Jones would probably tie Silva up every chance he got, toss him to the floor, and try to keep him on his back all night long.
But Jones is a gutsy fighter, and on the ground he’d no doubt go for any kind of finish that seems available. He could end the night early with one of his chokes. If he got too anxious, Silva could escape to his feet and it begins all over again.
If it stayed on the feet, Silva would have a good chance of dancing in and out of danger while scoring heavily.
In a fight like this, between fighters this good—who knows?
But that’s one question I’d love to see both of these men answer.
This is a very good clash of styles: speed, strength and wrestling vs. striking, speed and submissions.
Rashad Evans is a very fast fighter with the hands and shins to end the night early for any fighter, and his wrestling is good enough to take almost anyone down and keep them down.
Silva is, of course, the best striker in the business, with the same level of KO power and the same speed. When it comes to submissions, he has a distinct advantage over Evans.
Could Silva do as he has done so many other times in the past and make Evans look like an amateur? Or would Evans be able to follow the blueprint of Sonnen and put Silva on his back, punishing him with punches that have a lot more on them than those of Sonnen?
Evans would stick with the basics and push for takedowns all night long, after he set up those takedowns with honest attempts at putting Silva’s lights out with punches.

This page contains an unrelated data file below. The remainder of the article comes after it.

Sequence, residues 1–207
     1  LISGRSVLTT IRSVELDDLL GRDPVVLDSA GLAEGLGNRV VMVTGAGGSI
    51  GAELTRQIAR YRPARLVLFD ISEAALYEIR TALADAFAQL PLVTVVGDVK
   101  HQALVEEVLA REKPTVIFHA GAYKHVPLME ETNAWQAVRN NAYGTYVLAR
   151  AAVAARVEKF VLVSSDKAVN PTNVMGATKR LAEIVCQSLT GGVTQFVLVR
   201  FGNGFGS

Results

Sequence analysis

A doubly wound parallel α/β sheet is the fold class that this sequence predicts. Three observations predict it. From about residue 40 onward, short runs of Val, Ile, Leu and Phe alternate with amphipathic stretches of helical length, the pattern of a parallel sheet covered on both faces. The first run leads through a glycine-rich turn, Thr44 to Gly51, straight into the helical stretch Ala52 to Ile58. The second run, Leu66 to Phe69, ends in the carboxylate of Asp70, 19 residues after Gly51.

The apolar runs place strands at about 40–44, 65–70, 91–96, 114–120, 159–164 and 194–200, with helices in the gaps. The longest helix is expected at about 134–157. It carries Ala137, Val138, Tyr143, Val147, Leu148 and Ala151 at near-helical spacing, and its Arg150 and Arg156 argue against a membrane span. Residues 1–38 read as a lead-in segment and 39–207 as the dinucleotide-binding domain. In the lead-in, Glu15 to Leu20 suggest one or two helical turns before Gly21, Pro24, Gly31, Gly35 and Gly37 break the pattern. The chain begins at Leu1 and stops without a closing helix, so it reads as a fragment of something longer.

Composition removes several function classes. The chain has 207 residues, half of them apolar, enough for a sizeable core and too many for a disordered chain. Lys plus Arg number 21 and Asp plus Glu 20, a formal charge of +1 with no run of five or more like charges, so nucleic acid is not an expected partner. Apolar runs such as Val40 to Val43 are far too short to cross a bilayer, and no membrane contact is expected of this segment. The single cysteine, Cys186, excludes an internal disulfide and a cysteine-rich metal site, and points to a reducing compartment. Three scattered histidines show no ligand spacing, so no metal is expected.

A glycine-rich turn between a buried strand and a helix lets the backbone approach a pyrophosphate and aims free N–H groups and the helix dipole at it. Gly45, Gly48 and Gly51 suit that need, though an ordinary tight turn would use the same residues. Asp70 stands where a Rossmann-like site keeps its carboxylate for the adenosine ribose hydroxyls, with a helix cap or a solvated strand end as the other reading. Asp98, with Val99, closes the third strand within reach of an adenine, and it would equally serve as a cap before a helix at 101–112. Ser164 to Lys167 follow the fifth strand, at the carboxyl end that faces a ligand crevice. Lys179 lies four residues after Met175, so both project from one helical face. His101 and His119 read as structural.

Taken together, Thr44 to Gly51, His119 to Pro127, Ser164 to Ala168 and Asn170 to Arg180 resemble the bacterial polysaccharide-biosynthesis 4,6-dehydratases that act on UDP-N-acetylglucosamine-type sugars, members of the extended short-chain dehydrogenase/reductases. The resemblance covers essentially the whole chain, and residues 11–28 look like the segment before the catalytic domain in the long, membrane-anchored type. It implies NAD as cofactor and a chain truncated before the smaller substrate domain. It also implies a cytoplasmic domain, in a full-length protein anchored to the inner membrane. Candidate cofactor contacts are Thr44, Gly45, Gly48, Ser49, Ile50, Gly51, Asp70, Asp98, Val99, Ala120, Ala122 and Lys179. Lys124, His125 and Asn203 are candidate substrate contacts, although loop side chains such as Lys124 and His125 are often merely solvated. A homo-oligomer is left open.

In that scenario, it seems probable that we’d get to see Silva shine in his natural element, unloading on Evans with just about every kind of strike in the book.
Either way, it would be compelling and dramatic.
Same song, next verse.
In their first fight, Dan Henderson was doing well against Silva, taking him down and controlling him on the ground in Round 1.
In Round 2, Silva stepped on the gas pedal and choked Henderson out.
Would it be any different in a rematch?
If one thing seems clear, it’s that both men have gotten better with age. Henderson has developed one of the best fight-ending right hands in all of MMA.
When Tommy Hearns fought Marvin Hagler, there was but one question on everyone’s mind: can Hagler handle Hearns’ big right hand?
In this fight, the question would be: can Henderson even land his right hand on Silva?
Odds are, he probably couldn’t, and that would see him being dissected on his feet all night long, reminiscent of how Silva routed Chris Leben.
But still, it makes the list because Henderson has proven everyone wrong before, and if Silva had even one mental slip, Henderson would tuck him into bed.
But you don’t get to be the longest reigning champion in UFC history if you can’t focus. In all probability, the results of Silva’s attention to detail would be written in blood all over Henderson’s face.
This one is for the Brits.
For a long time, there have been more than a few British fans saying that Michael Bisping has the exact style needed to defeat Anderson Silva.
Win or lose, it would be the greatest night of Bisping’s life, especially if the fight were held in the UK.
It would be huge for the sport and the cause of MMA in England: an arena full of Brits finally getting to see their favorite son fighting for the title. To be honest, this is as close to a Cinderella story as we’re likely to see in some time.
Odds are Bisping would get blown out of the water, but he’d be fighting the very best in the world, and there is no shame in losing to a gentleman like Anderson Silva.
And what if he won?